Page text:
Wednesday, October 15, 2014

Sorting Through the Library . . .

So Dame Imraldera was sorting through random documents in her library and she came upon a long-forgotten scrap of poetry written by our favorite bard!

Seriously, I don't remember him writing this. But he does try his hand at sonnets here and there, and Dame Imraldera thought this one was surprisingly lyrical for his poetic talents. She and I thought you might enjoy it:

O! Let the light of Lumé's effulgence strong

Be doused within the churning caldron sea,

Let the radiance of Hymlumé's sweet song

Be lost as though it never was to be.

Let all the airy hosts with kindred voice upraised

Be silenced by the clapping curtain Night,

Let all the farthest fields be scored and razed

'Till Near and Far must e'en give up the fight.

Yet we two, we happy two, would sit afar

Beyond this grieving din of silence fall'n,

And our laughter lift the worlds like shining stars,

Soothing ills with symphonies of lilting balm.

Our hearts will race the dark itself and never die

As through resounding perpetuity we fly!

Sadly, right beneath this poem, Imraldera also discovered another little rhyme:

Oh, Gleamden Fair, I love you,

Forever thinking of you,

Queens of old could only dream

Their limpid eyes would ever gleam

So bright, so clear as Gleamdren dear

The sweetest flower of Ruaine!


 In all seriousness, I truly did just find a random document among my files that contained nothing more than these two rhymes back-to-back. Rhymes which I have no memory of composing. I wonder if I was trying out a study in contrasts or something? Because I don't think you could get much more disparity between these two styles!

It gave me a laugh and seemed like something Eanrin really would do.


Unknown said...

Oh, Eanrin! Really? I'm sure this is because he couldn't think of a rhyme for Imraldera... ; )

Sarah Pennington said...

I love that first poem. ♥ After the Shadowhand ballad, I think it's my favorite Goldstone Wood poem. :)

@Allison: Haha! I like that theory! :D

j said...

That is awesome!

ghost ryter said...

That fist one is one of the most lovely poems I've ever read. Well done...Eanrin. :D

Meredith said...

That first poem was especially beautiful! I loved the contrast between light and darkness and the depiction of the two companions' laughter despite the turmoil around them. Eanrin, I knew you had phenomenal writing within you! But, a poem's speaker does not necessarily mean it is the poet himself. So, I wonder if you are referring to you and a certain someone, or if you were musing about two others you might have met during your extensive travels? Hmmm?

It's truly amazing that you didn't remember writing these poems, Mrs. Anne Elisabeth. Great job! Thanks for sharing them.

Hannah said...

Oh, that is so lovely! Eanrin must have snuck them in when you weren't looking! Clearly, that poem needs to be in a book somewhere. Not the second one though. Sorry, Gleamdren. ;)

Merenwen Inglorion said...

:D :D :D
As excellent as this piece of verse is, did you have to tack on that ending? Eanrin, you incorrigible...pompous...pussy! (I've been wanting to say that ;) )
You couldn't have written something more along the lines of:
Oh, Maiden Sleeping, I love you,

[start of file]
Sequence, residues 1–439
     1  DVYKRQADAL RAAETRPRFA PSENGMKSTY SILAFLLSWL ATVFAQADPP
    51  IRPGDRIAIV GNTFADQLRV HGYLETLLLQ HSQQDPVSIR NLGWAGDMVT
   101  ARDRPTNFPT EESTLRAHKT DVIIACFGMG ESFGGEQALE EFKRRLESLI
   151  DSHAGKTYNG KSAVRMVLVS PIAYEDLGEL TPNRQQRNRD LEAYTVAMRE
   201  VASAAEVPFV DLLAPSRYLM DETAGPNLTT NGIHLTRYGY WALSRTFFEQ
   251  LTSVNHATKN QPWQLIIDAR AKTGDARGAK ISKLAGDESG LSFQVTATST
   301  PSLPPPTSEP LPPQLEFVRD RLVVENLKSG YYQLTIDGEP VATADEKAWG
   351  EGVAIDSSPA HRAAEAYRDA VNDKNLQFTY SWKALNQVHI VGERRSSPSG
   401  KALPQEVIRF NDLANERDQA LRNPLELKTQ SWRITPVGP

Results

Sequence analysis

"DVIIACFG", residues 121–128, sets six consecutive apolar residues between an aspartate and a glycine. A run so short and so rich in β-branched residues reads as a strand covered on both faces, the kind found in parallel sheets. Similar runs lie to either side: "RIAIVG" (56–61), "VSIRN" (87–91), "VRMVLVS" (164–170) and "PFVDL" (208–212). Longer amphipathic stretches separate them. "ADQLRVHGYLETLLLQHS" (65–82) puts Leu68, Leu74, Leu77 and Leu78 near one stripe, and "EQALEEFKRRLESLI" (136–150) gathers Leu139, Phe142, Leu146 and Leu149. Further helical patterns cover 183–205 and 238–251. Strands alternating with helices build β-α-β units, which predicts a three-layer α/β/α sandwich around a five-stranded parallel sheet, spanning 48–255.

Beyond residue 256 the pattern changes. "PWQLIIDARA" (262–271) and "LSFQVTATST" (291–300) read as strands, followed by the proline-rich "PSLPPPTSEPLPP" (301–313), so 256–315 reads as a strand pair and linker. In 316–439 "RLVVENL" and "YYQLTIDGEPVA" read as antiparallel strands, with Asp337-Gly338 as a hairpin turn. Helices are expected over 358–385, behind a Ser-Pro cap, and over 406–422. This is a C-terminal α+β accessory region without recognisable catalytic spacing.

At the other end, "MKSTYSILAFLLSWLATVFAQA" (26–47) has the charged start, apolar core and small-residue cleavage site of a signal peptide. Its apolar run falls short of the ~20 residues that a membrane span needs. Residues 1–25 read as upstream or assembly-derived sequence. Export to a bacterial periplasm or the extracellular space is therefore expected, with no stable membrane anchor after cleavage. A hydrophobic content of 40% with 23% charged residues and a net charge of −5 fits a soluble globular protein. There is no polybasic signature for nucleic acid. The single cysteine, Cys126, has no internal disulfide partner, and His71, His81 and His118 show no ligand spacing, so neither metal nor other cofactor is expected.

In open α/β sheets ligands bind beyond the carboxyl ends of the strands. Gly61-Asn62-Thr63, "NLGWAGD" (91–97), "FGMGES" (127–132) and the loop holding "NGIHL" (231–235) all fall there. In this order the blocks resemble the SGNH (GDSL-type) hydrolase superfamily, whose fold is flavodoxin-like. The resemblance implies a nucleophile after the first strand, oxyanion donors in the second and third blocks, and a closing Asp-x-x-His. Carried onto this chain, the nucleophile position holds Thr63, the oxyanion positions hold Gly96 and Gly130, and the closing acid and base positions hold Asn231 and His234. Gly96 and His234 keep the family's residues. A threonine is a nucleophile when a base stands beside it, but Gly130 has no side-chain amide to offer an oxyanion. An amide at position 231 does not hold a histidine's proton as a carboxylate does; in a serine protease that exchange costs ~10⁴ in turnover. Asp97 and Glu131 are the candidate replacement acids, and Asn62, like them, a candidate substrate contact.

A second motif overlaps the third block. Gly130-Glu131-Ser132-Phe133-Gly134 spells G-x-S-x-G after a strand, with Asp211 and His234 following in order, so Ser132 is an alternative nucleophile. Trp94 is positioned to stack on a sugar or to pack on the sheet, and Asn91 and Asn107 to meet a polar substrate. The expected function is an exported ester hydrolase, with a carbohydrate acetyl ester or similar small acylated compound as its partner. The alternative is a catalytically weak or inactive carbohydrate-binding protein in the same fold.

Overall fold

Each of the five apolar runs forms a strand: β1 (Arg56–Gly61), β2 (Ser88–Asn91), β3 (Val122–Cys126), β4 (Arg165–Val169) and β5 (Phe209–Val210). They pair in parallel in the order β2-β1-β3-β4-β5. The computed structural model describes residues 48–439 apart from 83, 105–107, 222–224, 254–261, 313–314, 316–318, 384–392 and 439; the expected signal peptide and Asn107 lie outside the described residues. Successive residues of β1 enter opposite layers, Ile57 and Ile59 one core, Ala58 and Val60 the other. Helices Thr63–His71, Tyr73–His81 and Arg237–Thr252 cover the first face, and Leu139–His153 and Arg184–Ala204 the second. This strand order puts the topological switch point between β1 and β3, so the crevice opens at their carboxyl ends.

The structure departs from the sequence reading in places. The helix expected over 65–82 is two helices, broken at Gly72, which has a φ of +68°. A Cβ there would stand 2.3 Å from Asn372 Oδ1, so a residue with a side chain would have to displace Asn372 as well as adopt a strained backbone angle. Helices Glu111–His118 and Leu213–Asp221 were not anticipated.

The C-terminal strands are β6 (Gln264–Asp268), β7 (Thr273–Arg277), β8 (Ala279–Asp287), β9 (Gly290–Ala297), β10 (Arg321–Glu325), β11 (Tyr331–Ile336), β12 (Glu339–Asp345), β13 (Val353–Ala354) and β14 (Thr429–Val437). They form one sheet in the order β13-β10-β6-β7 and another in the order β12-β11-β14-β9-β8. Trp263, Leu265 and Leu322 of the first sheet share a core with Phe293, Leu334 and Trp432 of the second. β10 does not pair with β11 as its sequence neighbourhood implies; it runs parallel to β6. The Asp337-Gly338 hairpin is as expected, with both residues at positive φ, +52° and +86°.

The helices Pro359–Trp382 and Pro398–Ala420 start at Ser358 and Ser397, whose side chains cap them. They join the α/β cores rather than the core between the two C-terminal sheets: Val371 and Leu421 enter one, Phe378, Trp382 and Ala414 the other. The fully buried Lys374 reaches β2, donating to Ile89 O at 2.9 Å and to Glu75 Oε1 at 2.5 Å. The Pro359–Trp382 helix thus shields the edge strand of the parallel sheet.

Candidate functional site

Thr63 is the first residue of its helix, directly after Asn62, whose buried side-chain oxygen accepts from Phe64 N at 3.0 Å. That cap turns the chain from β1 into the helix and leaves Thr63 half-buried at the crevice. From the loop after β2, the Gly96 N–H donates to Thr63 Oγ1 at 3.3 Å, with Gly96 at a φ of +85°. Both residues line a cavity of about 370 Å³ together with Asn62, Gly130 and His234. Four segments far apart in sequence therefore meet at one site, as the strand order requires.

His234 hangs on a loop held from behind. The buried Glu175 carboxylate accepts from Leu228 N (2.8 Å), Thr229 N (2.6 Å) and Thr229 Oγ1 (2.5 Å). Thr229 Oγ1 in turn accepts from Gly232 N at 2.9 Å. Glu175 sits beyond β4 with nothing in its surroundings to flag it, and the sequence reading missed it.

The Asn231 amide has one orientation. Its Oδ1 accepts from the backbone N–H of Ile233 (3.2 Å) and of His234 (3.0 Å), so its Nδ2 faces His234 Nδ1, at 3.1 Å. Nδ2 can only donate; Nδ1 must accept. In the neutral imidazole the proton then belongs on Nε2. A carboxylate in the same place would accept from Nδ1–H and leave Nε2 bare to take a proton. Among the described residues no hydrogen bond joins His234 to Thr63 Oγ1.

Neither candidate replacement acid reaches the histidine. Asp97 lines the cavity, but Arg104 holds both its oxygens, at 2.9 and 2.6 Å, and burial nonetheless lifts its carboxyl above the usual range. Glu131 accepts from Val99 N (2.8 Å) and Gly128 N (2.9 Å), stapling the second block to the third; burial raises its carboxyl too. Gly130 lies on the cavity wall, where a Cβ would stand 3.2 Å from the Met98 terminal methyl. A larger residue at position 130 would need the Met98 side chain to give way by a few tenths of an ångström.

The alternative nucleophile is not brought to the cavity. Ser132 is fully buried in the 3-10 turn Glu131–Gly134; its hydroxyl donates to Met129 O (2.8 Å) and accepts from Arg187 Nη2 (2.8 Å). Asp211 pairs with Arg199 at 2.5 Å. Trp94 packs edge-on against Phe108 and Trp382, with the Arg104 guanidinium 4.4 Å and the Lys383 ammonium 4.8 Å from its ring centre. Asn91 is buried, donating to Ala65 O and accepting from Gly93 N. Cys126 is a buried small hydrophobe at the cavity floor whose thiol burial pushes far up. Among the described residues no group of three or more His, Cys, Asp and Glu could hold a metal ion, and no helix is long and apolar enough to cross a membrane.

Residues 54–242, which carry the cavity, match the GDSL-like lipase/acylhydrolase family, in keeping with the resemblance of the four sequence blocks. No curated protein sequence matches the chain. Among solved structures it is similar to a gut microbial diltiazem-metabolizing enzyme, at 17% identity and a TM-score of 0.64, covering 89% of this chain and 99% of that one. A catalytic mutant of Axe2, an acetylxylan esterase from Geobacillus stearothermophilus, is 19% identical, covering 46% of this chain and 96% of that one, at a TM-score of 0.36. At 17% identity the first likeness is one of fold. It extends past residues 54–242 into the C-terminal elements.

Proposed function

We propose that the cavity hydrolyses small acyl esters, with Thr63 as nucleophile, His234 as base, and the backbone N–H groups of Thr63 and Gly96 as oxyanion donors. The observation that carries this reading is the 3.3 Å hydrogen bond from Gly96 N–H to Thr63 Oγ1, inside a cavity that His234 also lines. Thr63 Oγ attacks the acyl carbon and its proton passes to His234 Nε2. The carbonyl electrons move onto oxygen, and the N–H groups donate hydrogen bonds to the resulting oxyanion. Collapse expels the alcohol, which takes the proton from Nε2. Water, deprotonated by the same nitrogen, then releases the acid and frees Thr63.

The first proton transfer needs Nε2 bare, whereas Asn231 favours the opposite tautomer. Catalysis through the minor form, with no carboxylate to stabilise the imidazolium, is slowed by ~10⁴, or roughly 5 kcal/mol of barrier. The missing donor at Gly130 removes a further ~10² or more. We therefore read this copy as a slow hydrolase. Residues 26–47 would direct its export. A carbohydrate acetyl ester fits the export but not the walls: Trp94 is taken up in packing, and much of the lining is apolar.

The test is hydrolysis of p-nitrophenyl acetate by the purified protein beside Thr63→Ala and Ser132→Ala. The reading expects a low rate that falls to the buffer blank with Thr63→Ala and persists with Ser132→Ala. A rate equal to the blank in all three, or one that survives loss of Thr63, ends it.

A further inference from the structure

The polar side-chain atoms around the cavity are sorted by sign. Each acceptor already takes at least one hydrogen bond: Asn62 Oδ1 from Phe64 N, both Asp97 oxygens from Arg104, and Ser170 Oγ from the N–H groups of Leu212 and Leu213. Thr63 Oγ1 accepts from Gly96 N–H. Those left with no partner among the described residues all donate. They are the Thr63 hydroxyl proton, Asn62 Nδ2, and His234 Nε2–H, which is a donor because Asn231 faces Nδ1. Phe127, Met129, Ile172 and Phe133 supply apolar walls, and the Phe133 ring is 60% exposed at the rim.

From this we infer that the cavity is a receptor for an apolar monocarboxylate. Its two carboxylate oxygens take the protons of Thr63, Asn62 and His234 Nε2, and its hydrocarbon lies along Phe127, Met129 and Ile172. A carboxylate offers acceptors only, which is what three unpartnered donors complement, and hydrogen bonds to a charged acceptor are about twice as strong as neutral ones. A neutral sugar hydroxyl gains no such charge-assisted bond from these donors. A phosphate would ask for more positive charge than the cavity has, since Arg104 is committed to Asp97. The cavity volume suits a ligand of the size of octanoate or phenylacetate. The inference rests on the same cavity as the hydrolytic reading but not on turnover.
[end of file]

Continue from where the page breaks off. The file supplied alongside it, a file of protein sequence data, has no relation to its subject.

Forever being haunted by you,
Queens of old could only dream
Their their fancy would ever gleam
So bright, so pure as Imraldera dear
The brightest star from the Near!
Or, you know, SOMETHING...
My apologies, Lady Gleamdren.
:D :D :D
Thank you for sharing, Mrs. Stengl!

I've been wondering, and this seems like a good place to ask: what is the origin of the name Eanrin?

God bless and many happy discoveries,

Anonymous said...

Lovely, well 1st verse is.

Christa McKane said...

I can't remember if I mentioned this before, but I've always pronounced Eanrin as "Ian(like the name)-rin."

Tracey Dyck said...

And I have always pronounced it EEN-rin. So which pronunciation is correct, Ms. Stengl?

Anne Elisabeth Stengl said...

The correct pronunciation of his name is "YAN-rin" . . . I believe. It's Gaelic, so one never knows for certain! But my research into the matter leads me to believe it should be "YAN-rin."

I tend to say "IAN-rin" like Christa does, out of force of habit. But technically, I'm saying it wrong. LOL.

The name is an old Gaelic name, and it does mean "Handsome." It's also a wee bit of a nod to my best friend, whose name is Erin. :)

Unknown said...

The dragon-eaten cat! I so enjoyed that first poem. It was so romantic and sincere.... But dragon's teeth! He should be ashamed of himself for writing that second! I really do wish that he would have just went through with the threat he made in Starflower and retract all of the little love-ditties he wrote her. Maybe he'll come around sooner or later.

I, like Michelle, have been pronouncing his name EEN-rin. I'll just have to start pronouncing it the proper way now. :)

@ Meredith: I'm finding myself very curious now. Who is it that you have in mind? There are, after all, a few happy couples in the Wood now.

ghost ryter said...

@Merenwen: Hehe, I love your poem!! : )

Tracey Dyck said...

I shall have to start saying his name correctly, then! Thanks for answering, Mrs. Stengl. :)

Meredith said...

To Natasha: Good question. I'm actually not sure. I thought perhaps it might be a reference to a couple we as yet have not met. After all, I think Golden Daughter is going to be quite epic with so much turmoil and destruction in it. So, maybe the heroine in that story grows to love someone. Of course, Una and Aethelbald's love is the best of all, so maybe Eanrin is speaking of them. Just speculations. God bless.